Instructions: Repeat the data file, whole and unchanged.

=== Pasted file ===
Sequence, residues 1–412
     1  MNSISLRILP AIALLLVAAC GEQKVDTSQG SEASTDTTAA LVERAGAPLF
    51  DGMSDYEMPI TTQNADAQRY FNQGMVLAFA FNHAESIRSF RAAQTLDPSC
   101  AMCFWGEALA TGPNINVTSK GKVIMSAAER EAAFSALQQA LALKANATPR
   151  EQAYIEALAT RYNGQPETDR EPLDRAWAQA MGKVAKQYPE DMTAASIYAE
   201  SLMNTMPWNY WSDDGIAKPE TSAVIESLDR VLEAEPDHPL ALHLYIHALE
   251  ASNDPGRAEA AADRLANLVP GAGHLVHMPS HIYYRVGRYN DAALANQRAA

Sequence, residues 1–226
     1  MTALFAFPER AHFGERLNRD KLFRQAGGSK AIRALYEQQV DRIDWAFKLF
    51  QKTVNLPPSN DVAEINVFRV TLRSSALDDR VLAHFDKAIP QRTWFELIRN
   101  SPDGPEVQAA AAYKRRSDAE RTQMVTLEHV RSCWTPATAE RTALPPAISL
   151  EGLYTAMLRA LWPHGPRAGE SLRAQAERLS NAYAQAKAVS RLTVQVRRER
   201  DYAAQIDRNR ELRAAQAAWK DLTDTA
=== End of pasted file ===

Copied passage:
Sequence, residues 1–412
     1  MNSISLRILP AIALLLVAAC GEQKVDTSQG SEASTDTTAA LVERAGAPLF
    51  DGMSDYEMPI TTQNADAQRY FNQGMVLAFA FNHAESIRSF RAAQTLDPSC
   101  AMCFWGEALA TGPNINVTSK GKVIMSAAER EAAFSALQQA LALKANATPR
   151  EQAYIEALAT RYNGQPETDR EPLDRAWAQA MGKVAKQYPE DMTAASIYAE
   201  SLMNTMPWNY WSDDGIAKPE TSAVIESLDR VLEAEPDHPL ALHLYIHALE
   251  ASNDPGRAEA AADRLANLVP GAGHLVHMPS HIYYRVGRYN DAALANQRAA

Sequence, residues 1–226
     1  MTALFAFPER AHFGERLNRD KLFRQAGGSK AIRALYEQQV DRIDWAFKLF
    51  QKTVNLPPSN DVAEINVFRV TLRSSALDDR VLAHFDKAIP QRTWFELIRN
   101  SPDGPEVQAA AAYKRRSDAE RTQMVTLEHV RSCWTPATAE RTALPPAISL
   151  EGLYTAMLRA LWPHGPRAGE SLRAQAERLS NAYAQAKAVS RLTVQVRRER
   201  DYAAQIDRNR ELRAAQAAWK DLTDTA